Russell Westbrook on Rockets laughing at Andre Roberson missing free throws: ‘Probably the guys that don’t play’

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The Rockets bench made a big production when an intentionally fouled Andre Roberson kept missing free throws in the Thunder’s Game 4 loss to the Rockets yesterday.

Russell Westbrook stuck up for his teammate.

Royce Young of ESPN:

Westbrook:

I didn’t see it. I didn’t see it at all. Probably the guys that don’t play, probably over there the ones laughing, if I had to guess.

Good guess. It appears Montrezl Harrell and Bobby Brown – whose only playing time this series came late in Houston’s blowout Game 1 win – led the jeers.

But the most important thing for the Thunder is Roberson making his free throws. They need him on the court to defend James Harden, which exposes him to hacking. If Westbrook deflecting attention onto the Rockets’ benchwarmers helps Roberson at the line, great. But if not, the Rockets will keep having reasons to laugh.

Magic Johnson winks at bringing Paul George to Lakers

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Paul George-to-the-Lakers rumors have swirled for a while.

New Lakers president Magic Johnson will only fuel them.

Asked how he’d interact with the Pacers star to avoid tampering if they ran into each other, Johnson said on Jimmy Kimmel Live:

We’re going to say hi, because we know each other. You just can’t say, “Hey, I want you to come to the Lakers,” even though I’m going to be wink-winking like [blinks repeatedly]. You know what that means, right?

In explaining how he’d avoid tampering, Johnson probably tampered. Accidental tampering appears to be his specialty.

The Collective Bargaining Agreement says team employees can’t permissibly “induce, persuade, or attempt to entice, induce or persuade, any Player who is under contract to, or whose exclusive negotiating rights are held by, any other Member of the Association to enter into negotiations for or relating to his services or negotiate or contract for such services.” But the league arbitrarily enforces tampering, so who knows whether he’ll be punished?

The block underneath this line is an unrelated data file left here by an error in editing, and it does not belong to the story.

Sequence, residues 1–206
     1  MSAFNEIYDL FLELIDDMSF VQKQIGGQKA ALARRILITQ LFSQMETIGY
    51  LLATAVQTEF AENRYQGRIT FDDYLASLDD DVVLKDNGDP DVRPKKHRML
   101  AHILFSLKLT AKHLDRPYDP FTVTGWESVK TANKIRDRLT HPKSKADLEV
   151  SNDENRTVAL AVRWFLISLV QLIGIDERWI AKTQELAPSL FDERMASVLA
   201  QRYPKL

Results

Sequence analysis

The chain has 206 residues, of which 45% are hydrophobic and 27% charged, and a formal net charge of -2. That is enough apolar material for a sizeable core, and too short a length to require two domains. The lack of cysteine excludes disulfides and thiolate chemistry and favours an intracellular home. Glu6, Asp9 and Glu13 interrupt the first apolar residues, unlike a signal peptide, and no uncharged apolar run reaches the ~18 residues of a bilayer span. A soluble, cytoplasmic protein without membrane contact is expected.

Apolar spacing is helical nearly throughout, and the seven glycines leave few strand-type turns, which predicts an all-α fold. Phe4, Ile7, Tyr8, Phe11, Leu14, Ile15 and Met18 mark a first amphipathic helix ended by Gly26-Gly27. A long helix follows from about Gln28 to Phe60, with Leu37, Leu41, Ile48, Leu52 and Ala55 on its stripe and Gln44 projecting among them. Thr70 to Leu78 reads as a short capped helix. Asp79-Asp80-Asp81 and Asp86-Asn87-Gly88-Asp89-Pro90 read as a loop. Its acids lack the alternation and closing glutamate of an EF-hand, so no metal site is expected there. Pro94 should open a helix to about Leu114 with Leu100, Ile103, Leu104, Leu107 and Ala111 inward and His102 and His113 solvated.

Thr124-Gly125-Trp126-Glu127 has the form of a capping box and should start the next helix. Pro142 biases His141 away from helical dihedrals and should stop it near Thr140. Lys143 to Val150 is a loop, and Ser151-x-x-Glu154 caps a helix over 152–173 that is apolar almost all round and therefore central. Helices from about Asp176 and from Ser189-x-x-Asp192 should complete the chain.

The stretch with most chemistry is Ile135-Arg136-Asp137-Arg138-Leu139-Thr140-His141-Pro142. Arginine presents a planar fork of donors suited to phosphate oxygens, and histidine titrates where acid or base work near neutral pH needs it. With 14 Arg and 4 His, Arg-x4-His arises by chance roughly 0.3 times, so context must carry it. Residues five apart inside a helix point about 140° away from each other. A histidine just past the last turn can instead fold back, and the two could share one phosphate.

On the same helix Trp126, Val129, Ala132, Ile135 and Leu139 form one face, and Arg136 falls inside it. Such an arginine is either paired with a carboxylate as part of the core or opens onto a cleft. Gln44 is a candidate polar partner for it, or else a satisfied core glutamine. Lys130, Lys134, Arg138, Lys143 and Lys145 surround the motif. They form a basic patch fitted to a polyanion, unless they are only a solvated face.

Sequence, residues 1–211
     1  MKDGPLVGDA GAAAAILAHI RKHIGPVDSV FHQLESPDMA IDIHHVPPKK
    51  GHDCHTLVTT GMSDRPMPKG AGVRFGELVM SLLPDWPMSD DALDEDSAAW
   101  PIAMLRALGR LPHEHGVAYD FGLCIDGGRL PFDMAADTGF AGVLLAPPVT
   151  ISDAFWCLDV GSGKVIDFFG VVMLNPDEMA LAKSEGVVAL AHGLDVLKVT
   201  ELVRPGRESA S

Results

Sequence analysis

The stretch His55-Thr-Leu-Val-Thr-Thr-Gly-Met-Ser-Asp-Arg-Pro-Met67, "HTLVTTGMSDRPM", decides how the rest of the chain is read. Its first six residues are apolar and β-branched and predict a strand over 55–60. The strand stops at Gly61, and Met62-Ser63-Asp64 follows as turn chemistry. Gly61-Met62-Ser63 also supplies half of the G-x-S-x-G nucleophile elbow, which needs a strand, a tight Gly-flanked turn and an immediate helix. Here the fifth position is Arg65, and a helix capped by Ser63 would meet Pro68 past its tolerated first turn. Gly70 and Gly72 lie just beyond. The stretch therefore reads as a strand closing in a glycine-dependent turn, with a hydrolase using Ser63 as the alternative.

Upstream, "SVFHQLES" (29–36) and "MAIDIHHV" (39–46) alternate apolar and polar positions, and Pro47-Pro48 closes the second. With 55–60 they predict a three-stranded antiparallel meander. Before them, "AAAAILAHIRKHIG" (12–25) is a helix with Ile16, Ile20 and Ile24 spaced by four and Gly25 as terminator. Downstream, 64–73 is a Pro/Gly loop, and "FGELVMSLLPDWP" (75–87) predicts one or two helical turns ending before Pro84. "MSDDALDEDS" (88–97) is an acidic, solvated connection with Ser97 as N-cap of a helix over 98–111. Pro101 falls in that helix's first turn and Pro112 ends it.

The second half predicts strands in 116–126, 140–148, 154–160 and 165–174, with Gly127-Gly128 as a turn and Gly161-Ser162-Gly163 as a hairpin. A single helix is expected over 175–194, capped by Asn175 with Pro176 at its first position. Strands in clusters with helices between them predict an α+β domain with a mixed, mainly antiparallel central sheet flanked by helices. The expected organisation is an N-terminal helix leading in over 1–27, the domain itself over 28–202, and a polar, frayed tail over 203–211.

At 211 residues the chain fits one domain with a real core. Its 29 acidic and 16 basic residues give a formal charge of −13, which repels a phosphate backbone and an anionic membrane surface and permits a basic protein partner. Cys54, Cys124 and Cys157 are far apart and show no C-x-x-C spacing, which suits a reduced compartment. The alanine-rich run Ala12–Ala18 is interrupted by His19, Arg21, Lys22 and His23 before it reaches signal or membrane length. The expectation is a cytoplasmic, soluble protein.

Johnson almost certainly could have gotten away with the hypothetical conversation he laid out. But going on television and describing it — even as fantasy, even not directly to George — could constitute tampering in itself,

If Johnson helps attract George to Los Angeles, it’d well be worth it. At least he’s trying something.

Report: Austin Rivers returning for Clippers-Jazz Game 5

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There have been bigger injuries in the Clippers-Jazz first-round series: Blake Griffin‘s toe, Rudy Gobert‘s knee and Gordon Hayward‘s stomach.

But Clippers guard Austin Rivers has yet to play due to a strained hamstring.

It sounds as if that will change tomorrow.

Adrian Wojnarowski of Yahoo Sports:

This is neither as big a deal as the Clippers will make it out to be nor as meaningless as Rivers’ many detractors will claim.

The 6-foot-4 Rivers will provide an important defensive upgrade on the perimeter. The Clippers haven’t successfully hidden Jamal Crawford and Raymond Felton, allowing Utah too many quality looks. Here how the Jazz have shot when defended by each, per NBA.com:

  • Crawford: 18-of-36 (50%), including 7-of-17 on 3-pointers (41%)
  • Felton: 13-of-24 (54%), including 5-of-8 on 3-pointers (63%)

Rivers needn’t be great to help behind Chris Paul and J.J. Redick.

Rockets bench hams it up over Andre Roberson missed free throw (video)

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Russell Westbrook might not want to talk about his supporting cast distinctively, but it’s a real issue for the Thunder, who trail the Rockets 3-1 in their first-round series.

Even Andre Roberson, who has impressively defended James Harden, brings a glaring weakness: free throws. Roberson is 2-for-17 from the line in the playoffs, including 2-for-12 in Game 4 yesterday. Houston even repeatedly intentionally fouled him late.

It was agonizing for all but the most partisan Rockets supporters – though even Houston’s bench, while at least implicitly mocking Roberson, appeared put off that he missed yet again.